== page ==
Mindful Discarding

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Holy Week has just passed. Holy Week being a four-day break is a long break , more felt before the quarantines or lockdowns. Our family and most of my friends don’t go out on vacation to some resorts or beaches during this long break specially when my mother was still alive. We attended church services and stayed home for family bonding and some quiet time. The long break is usually a time for me to organize my things or declutter.

I organize and discard things mindfully because I have a tendency to hold on to items which hold memories. Decluttering can sometimes be an emotional experience as I let my rational mind balance my sentimental side. Another reason is, I’d like to be part of the solution in maintaining environmental health so I don’t simply throw away old or extra items.

Clutter avoidance or buying only items needed when they are needed or mindful acquiring should be the strategy because of my tendency to hold on to things. I practice this as much as possible. However, there are times when I still buy new things like when there’s an occasion where I have to dress appropriately even if it means wearing a dress with a matching pair of shoes just once. I also buy some products made by charitable organizations to support them. And there are items which I didn’t buy like gifts which are beautiful and I appreciate but are sometimes duplicates.

So I do the following:

Selection of Items to Give Away

I sort my items into

1. Unused. These are usually excess items I bought when I travelled intended as “pasalubong”. ( Note: Pasalubongs are gifts made when coming from a trip). Sometimes I receive duplicate gifts/give-aways from corporate events, items I won from raffles and the like.

2. Hardly Used . These are items I bought or gifts which I used once or twice for an occasion/occasions , dresses or apparels that didn’t suit me .

3. Used . These are items which have outlived their use or I received a new one which is similar. These are sub-classified to useable and for throwing away.

Selection of Recipients

I choose my recipients with care.

1. Unused – I sometimes give them as gifts or give-aways for Christmas . I’d choose items for gifts as if I’m buying them, with much thought if the recipient will like it. Sometimes I just give them because they are needed like when I won the grand prize in a raffle, a flat screen TV and I gave it to my sister whose old TV needed replacement. The others, I donate to charities.

One option for giving /discarding is through barter that developed and became popular during the pandemic. It’s discussed here https://www.pna.gov.ph/articles/1103536. This was also suggested in our neighborhood but it did not catch on. Still, I see posts in our Subdivision chat group by someone who is selling or giving something away and asking if anyone is interested. It’s a good way to match items with those who need them.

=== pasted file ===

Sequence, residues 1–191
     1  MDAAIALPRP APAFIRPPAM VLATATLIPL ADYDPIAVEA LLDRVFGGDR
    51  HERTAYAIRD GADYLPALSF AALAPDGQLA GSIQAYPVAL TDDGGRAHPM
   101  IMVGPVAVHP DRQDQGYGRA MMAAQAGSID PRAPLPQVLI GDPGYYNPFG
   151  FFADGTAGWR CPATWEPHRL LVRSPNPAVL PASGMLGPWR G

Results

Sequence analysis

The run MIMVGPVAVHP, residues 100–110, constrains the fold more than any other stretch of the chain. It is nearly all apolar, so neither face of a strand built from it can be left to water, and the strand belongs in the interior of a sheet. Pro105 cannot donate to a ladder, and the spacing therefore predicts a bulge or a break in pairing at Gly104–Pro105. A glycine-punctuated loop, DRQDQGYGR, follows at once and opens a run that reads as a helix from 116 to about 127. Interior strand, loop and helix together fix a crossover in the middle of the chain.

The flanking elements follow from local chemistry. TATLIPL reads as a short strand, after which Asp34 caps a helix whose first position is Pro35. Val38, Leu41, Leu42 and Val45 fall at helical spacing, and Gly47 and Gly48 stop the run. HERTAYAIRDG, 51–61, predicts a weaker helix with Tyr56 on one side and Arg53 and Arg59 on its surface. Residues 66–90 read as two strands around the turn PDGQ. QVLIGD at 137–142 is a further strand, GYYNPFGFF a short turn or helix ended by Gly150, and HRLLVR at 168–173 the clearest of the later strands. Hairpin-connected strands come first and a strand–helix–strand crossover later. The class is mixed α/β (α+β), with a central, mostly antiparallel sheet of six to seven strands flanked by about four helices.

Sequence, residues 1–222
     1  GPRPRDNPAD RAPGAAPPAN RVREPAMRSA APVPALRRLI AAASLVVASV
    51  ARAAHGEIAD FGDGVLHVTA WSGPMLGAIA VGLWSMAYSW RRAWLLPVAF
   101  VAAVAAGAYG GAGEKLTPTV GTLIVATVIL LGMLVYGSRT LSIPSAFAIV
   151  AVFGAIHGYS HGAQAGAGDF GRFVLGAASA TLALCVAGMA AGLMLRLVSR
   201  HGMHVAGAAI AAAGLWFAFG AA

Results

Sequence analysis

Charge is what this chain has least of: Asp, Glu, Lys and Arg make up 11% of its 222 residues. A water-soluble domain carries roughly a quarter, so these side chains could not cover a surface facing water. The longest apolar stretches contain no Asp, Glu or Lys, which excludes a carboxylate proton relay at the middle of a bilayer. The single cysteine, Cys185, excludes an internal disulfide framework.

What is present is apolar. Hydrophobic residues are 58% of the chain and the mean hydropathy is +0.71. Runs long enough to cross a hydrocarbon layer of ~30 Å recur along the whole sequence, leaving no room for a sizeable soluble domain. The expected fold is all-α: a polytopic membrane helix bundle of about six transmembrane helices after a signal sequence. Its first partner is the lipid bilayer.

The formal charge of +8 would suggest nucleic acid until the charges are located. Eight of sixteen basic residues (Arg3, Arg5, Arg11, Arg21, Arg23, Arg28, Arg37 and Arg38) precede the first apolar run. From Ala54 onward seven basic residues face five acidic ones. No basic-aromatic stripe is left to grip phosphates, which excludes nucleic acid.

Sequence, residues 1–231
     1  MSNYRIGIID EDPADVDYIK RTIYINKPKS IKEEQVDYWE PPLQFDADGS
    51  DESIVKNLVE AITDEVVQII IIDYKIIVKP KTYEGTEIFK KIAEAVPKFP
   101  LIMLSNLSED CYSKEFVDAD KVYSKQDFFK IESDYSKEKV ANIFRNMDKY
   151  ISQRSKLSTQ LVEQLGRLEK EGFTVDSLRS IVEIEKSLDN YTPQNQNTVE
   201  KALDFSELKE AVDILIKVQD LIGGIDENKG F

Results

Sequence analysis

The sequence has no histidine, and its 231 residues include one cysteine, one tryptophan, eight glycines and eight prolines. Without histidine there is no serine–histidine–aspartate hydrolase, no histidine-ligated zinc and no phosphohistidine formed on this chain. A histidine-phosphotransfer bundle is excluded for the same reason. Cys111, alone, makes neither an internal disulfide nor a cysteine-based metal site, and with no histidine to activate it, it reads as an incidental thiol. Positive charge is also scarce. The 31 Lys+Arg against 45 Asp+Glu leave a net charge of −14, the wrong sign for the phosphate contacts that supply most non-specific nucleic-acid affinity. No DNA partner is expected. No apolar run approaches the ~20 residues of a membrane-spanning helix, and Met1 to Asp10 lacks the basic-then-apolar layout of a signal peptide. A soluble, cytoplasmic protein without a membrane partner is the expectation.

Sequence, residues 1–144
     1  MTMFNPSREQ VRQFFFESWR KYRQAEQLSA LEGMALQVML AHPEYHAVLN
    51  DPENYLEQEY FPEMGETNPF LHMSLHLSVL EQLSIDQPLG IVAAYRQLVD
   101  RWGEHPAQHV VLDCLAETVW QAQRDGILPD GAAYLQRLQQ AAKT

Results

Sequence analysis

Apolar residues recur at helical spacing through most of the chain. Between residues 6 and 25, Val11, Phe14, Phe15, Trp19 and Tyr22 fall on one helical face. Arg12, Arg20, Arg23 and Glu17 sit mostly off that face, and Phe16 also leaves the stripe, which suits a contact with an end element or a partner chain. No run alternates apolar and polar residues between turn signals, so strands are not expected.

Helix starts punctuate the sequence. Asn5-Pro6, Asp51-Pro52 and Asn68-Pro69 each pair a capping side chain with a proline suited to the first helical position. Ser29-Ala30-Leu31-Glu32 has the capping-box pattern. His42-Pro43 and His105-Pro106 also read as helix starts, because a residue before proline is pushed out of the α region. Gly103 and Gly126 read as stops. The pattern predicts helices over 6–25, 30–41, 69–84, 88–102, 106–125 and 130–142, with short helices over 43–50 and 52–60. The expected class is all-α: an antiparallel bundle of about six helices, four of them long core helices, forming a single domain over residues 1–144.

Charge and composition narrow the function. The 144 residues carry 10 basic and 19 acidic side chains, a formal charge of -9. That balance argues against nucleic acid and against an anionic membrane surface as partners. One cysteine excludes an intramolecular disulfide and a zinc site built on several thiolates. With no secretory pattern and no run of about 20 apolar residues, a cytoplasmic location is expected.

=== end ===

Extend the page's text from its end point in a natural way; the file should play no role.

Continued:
Another option is garage or yard sale, popular in western countries and tried by a few in the Philippines, which I haven’t tried.

2. Hardly used – I give them away but I ask my recipient to choose, usually a relative or a close friend like when I gave away bags and luggage. By this approach, am sure the item is really liked or needed and the item will find a new appreciative owner/home . When an item is not chosen, I keep keep the items until I find a recipient (if there’s still storage space) or donate them to charities.

I’d like to donate to charities near to my community as possible , or to organizations which are not yet large or to charities which teach beneficiaries to be self-sufficient/self-reliant.

3. Used . Those which are useable are donated. Those which are no longer useable are sold to “mangangalakal” if they are made of metal like old computers, screens, and the like or if they are made of certain kinds of recyclable plastics. (Note: “Mangangalakal” literally is trader but they refer to those who buy recyclable items and sell them to junk shops. They used to be called “bote-dyaryo” literally bottle-newspaper because they usually buy used bottles and old newspapers).

Those which cannot be sold to the “mangangalakal” are repurposed at home. Examples are old towels and T-shirts which I make into rags, old containers which I make into plant pots and the like. The rest are thrown away. I put nice boxes and nice bottles in clean transparent bags when I put them for pick up by the garbage collector so that if anyone passing by or the garbage collector will find them useful , he can take them.

Timing of Giving

Giving as gifts/give-aways usually occurs on Christmas because of the spirit of gift-giving . I remember in my previous office when we hold an after-Christmas exchange gift of items that are good but for some reasons are just languishing in our storage. It was fun and helpful at the same time.

The Philippines is usually visited by typhoons during the rainy season so I go over my things during these times and donate appropriate items.

There’s always Caritas which accepts donations through parishes anytime. They can also pick up your donations depending on the items being donated and location. They donate things directly or sell them in their stores to generate fund for use in projects like scholarship.

Repurposing is done as needed.

If the above process of selection fails , items are thrown away which is the last resort.

The process boils down to mindful acquiring and mindful discarding, a simple process if the objective is simply to acquire or discard and mindfulness is taken out of the process. But our environment is going out of balance with mindless acquisitions and mindless discarding. And, life’s simple joys can come from small things we receive from those we love or by giving something that we think will give our loved ones joy.

5 thoughts on “Mindful Discarding

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